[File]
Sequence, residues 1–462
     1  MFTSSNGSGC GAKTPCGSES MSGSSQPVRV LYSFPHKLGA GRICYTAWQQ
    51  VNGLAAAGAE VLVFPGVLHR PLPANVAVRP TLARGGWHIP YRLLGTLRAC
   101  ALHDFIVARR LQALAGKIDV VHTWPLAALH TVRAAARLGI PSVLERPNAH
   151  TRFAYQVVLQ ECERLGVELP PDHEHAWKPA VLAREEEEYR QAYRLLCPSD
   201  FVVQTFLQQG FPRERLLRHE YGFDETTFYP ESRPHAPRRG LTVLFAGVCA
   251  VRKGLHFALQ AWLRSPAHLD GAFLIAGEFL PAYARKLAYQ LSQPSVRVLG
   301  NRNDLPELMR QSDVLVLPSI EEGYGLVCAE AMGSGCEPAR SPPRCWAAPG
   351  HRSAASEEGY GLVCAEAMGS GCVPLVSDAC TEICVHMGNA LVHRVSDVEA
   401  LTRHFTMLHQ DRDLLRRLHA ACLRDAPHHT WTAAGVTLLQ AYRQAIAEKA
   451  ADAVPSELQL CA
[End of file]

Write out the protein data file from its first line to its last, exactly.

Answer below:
Sequence, residues 1–462
     1  MFTSSNGSGC GAKTPCGSES MSGSSQPVRV LYSFPHKLGA GRICYTAWQQ
    51  VNGLAAAGAE VLVFPGVLHR PLPANVAVRP TLARGGWHIP YRLLGTLRAC
   101  ALHDFIVARR LQALAGKIDV VHTWPLAALH TVRAAARLGI PSVLERPNAH
   151  TRFAYQVVLQ ECERLGVELP PDHEHAWKPA VLAREEEEYR QAYRLLCPSD
   201  FVVQTFLQQG FPRERLLRHE YGFDETTFYP ESRPHAPRRG LTVLFAGVCA
   251  VRKGLHFALQ AWLRSPAHLD GAFLIAGEFL PAYARKLAYQ LSQPSVRVLG
   301  NRNDLPELMR QSDVLVLPSI EEGYGLVCAE AMGSGCEPAR SPPRCWAAPG
   351  HRSAASEEGY GLVCAEAMGS GCVPLVSDAC TEICVHMGNA LVHRVSDVEA
   401  LTRHFTMLHQ DRDLLRRLHA ACLRDAPHHT WTAAGVTLLQ AYRQAIAEKA
   451  ADAVPSELQL CA